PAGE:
So, how do you determine an active contributor, you may ask? As part of the current election, every project maintainer and Working Group leader was asked to provide a list of all the people that have contributed to their work in the past year. In addition, a review of all code and other contributions was conducted.

This year, 424 active contributors were identified as eligible to participate in the TSC election process.

Bring It (your nomination that is)

The Linux Foundation maintains an expert staff with decades of combined experience managing the operations of large scale, Openly Governed Open Source projects.

For Hyperledger, the Sr. Program Manager Todd Benzies ensures the trains run on time.

Below is Todd’s email calling for TSC nominations:

This nominating process produced 32 candidates for the 11 TSC spots. These 32 come from 20 different organizations, across a spectrum of industries, from technology vendors to foundations to end users from a variety of industries. They include people who work at Hyperledger members and non-members and some are standing as individuals.

A policy whose importance is hard to overstate is that anyone elected to a seat on the TSC is elected as a person unbound to the company for which they presently work. Should any TSC member during their tenure leave an employer for another, this would have zero impact on their standing as member of the Hyperledger TSC.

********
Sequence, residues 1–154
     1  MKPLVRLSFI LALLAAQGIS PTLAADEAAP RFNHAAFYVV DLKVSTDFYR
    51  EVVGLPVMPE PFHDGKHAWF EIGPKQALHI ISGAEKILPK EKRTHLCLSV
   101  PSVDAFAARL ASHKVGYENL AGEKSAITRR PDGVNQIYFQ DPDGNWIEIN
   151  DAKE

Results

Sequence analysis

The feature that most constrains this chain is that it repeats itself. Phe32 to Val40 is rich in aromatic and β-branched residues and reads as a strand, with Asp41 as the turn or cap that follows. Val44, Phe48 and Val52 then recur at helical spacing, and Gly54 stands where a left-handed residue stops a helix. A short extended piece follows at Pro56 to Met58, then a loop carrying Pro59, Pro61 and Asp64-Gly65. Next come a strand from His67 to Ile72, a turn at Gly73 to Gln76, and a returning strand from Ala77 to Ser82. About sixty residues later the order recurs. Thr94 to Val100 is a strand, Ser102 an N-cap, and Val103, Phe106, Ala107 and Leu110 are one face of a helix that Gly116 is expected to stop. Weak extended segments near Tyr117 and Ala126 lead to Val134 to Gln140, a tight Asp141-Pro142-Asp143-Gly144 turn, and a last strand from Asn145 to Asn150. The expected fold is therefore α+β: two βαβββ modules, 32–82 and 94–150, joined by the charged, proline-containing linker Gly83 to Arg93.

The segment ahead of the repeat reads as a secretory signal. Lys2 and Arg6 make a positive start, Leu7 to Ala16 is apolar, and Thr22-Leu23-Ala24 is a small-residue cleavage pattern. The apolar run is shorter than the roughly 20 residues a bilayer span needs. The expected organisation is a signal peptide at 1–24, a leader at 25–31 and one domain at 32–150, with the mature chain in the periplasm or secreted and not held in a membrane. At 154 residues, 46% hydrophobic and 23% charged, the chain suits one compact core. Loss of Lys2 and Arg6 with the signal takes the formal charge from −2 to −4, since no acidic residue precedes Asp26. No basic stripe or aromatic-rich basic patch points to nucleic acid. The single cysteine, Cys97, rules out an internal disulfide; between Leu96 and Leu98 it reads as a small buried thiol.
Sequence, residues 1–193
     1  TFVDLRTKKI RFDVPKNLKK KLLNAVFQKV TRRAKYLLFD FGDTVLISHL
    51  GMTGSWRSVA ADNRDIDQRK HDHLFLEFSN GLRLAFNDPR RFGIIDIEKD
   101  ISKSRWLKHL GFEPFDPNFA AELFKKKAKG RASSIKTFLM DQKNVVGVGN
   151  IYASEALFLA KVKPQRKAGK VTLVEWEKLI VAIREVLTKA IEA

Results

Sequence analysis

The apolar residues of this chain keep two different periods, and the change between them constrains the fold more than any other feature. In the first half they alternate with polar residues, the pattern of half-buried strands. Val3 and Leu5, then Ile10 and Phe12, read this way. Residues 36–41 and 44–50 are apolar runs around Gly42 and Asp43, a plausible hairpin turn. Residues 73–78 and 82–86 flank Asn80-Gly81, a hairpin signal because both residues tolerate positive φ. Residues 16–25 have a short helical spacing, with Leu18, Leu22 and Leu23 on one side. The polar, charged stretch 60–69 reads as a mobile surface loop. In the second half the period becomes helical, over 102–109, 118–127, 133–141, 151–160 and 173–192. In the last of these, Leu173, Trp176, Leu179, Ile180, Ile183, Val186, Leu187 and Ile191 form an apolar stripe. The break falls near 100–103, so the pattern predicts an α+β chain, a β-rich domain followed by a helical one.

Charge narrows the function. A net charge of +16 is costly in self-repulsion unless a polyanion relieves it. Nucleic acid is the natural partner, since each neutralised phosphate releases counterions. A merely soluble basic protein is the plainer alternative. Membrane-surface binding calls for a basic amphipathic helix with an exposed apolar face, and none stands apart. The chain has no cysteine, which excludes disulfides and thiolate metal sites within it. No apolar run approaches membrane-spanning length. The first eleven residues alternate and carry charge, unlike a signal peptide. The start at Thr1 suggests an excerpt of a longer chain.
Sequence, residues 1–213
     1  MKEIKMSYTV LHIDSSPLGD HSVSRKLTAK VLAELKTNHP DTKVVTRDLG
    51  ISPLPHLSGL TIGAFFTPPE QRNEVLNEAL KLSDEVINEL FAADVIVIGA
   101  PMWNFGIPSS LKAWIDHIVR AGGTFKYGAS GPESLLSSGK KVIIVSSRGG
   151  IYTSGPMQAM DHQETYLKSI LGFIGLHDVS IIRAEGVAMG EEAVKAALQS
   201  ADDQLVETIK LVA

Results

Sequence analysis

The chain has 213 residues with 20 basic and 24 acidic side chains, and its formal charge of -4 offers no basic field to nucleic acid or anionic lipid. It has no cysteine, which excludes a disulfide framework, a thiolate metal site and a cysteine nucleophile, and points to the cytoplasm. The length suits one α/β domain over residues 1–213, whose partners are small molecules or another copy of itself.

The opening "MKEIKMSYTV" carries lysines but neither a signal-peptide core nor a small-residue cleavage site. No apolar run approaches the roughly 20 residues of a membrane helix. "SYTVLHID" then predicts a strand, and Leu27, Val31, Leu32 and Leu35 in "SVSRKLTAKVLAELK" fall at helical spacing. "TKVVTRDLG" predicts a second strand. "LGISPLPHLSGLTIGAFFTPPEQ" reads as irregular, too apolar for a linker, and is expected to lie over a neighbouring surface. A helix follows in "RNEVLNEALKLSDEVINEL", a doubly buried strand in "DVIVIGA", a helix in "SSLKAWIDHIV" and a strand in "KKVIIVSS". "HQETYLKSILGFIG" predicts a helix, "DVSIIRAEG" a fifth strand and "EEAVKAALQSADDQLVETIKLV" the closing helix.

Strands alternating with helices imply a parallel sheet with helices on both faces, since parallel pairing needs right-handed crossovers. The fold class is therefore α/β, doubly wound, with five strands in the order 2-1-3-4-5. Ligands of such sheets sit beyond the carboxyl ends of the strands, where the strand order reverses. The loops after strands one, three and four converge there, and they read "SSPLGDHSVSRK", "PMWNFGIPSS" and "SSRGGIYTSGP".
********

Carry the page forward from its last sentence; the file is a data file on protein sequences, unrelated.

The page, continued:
Cast your vote

Here is Todd’s email sent to the same list announcing the nominees and opening voting.

The arrow highlights one of the things that we’ve learned along the way as a trick to the trade of running open governance well. The voting system has to be unquestionably secure and fair (something by now truly everyone can relate to…).

We use the Condorcet Internet Voting System to safeguard the privacy of this election and voting process. CIVS can only be accessed by authorized voters, who receive a unique URL tied to their email address. Voters rank a set of possible choices and individual voter rankings are combined into an anonymous overall ranking of the choices. One vote is allowed per IP address.

Results

This process yields a fairly and openly-elected technical decision making body pulled from the community that cares about Hyperledger. We know they care not because they said so, not because the company they work for has joined Hyperledger, but because they invested their time to make contributions to Hyperledger code bases. Or, as Hyperledger Executive Director Brian Behlendorf says, “it’s a do -ocracy.”

Meet the New Hyperledger TSC (listed in alphabetical order)

Arnaud Le Hors
Baohua Yang
Binh Nguyen
Christopher Ferris
Dan Middleton
Greg Haskins
Hart Montgomery
Jonathan Levi (new)
Kelly Olson (new)
Mic Bowman
Nathan George (new)

If you’re interested in learning more about the Hyperledger TSC and its elected members, we’ll be kicking off a “Meet the TSC” blog series in the coming weeks. Be sure to look out for it!

You can plug into the community at github , Rocket.Chat the wiki or our mailing list .

Congratulations to the Hyperledger Interns and Mentors on Completed Summer Internships

By | Blog, Hyperledger Cello, Hyperledger Iroha, Hyperledger Sawtooth